A majority of business leaders believe humans should be involved in artificial intelligence (AI) decision-making, citing ethical and data concerns.
This is among results from a Workday study examining the state of AI in the enterprise, including the current perception among business leaders about the technology’s benefits, challenges, and opportunities.
Key findings from the survey include:
* 93% of business leaders believe humans should be involved in artificial intelligence decision-making.
* 77% of respondents are concerned about the timeliness or reliability of the underlying data.
* 29% said they are very confident that AI and machine learning (ML) are being applied ethically in business.
* 73% of business leaders are feeling pressure to implement AI at their organisations.
* 80% agree AI and ML helps employees work more efficiently and make better decisions.
* 72% of respondents said their organisation lacks the skills to fully implement AI and ML.
Nearly three-quarters (73%) of business leaders are feeling pressure to implement AI at their organisations, but the vast majority are wary of giving up too much decision-making power. In the survey of 1 000 business decision-makers from around the globe, 93% said it’s important for humans to have oversight of AI or machine learning (ML) when making significant decisions.
“Our latest study confirms that AI & ML are essential for achieving success in the evolving landscape of work – this view is shared by the majority of business leaders globally. However, the organisations face difficulties with deploying these technologies because of skills deficit,” says Jens Löhmar, chief technology officer: continental & DACH at Workday.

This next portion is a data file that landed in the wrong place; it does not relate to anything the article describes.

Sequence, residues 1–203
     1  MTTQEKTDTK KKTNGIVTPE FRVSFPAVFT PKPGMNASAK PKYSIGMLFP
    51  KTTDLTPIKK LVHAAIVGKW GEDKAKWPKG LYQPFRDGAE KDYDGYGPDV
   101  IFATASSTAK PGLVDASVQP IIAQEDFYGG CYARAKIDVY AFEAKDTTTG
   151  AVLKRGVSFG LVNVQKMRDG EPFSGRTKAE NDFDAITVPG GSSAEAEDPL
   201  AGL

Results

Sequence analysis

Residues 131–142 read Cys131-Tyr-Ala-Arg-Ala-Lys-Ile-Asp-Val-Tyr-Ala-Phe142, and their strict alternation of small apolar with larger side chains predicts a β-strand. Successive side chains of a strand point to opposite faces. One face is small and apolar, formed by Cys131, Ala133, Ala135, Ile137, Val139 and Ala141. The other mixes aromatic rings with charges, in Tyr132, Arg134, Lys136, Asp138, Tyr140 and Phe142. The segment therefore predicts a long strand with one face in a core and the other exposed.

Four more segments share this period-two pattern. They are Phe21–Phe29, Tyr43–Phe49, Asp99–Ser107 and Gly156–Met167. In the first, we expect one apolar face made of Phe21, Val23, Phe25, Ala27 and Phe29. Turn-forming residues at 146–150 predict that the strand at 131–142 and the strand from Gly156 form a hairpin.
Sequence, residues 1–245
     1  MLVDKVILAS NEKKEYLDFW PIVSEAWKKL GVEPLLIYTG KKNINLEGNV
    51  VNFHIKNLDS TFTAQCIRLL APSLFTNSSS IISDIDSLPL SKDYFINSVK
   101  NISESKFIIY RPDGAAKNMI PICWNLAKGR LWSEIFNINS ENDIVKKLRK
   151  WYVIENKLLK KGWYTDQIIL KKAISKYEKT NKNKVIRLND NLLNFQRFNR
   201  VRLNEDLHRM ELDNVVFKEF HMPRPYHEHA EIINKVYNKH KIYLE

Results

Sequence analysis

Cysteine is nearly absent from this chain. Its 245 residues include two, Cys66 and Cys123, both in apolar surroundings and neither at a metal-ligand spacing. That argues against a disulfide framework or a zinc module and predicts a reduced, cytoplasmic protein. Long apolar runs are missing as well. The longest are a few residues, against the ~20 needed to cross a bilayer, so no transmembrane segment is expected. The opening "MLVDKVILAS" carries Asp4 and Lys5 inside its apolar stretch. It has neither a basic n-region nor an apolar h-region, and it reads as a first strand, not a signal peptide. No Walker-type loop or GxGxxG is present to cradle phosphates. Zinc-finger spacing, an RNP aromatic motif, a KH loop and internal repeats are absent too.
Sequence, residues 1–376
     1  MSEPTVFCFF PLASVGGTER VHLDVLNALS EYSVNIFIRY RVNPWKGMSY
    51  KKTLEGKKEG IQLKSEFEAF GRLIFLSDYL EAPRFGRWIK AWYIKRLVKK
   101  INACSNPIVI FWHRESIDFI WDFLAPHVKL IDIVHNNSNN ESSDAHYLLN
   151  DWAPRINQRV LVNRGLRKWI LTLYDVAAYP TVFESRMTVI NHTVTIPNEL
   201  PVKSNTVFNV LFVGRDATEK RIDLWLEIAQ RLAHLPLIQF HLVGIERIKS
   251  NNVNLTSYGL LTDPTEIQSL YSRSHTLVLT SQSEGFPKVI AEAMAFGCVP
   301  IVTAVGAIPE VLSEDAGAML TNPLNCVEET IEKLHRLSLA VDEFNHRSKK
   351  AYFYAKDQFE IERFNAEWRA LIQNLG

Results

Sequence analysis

“Operationalisation of AI and ML strategies also slows down due to ethical concerns, lack of data integrity and addressing employee fears that these technologies may displace jobs. To effectively embrace AI and ML, it is crucial to prioritise augmentation of human insight & decision making as well as collaborate with vendors who demonstrate a dedication to responsible AI practices and data integrity.”
More than 90% of respondents said they currently use artificial intelligence within their operations for managing people, money, or both, and 80% agree AI and ML helps employees work more efficiently and make better decisions. The need for investment in this area is clear: 80% of respondents agree that AI and ML are required to keep their business competitive.
But, despite widespread adoption and broad agreement around the case for AI and ML in the enterprise, concerns remain about its accuracy, ethics, and security. In fact, 77% of respondents are concerned about the timeliness or reliability of the underlying data, 39% consider potential bias to be a top risk when considering AI, and 48% cite security and privacy concerns as the main barriers to implementation.
Only 29% said they are very confident that AI/ML are being applied ethically in business right now, but they are more optimistic about the future – with more than half (52%) saying they are very confident it will be applied ethically in five years’ time.
Business leaders are considering AI’s impact on the workforce of today and tomorrow. Nearly half (45%) believe AI and ML will benefit workers, augmenting workloads and creating new career paths. 43% are more cautious, warning that AI and ML will replace some tasks, causing some unemployment among workers. Twelve percent are more doubtful, saying that AI and ML will replace humans completely and have a negative impact on workers.
While leaders agree it is critical for humans to be involved in AI decision making, the survey also found a critical skills gap to successful AI implementation. Nearly three-quarters (72%) of respondents said their organisation lacks the skills to fully implement AI and ML, and an even slightly higher percentage (76%) said their own knowledge of AI and ML applications needs improvement.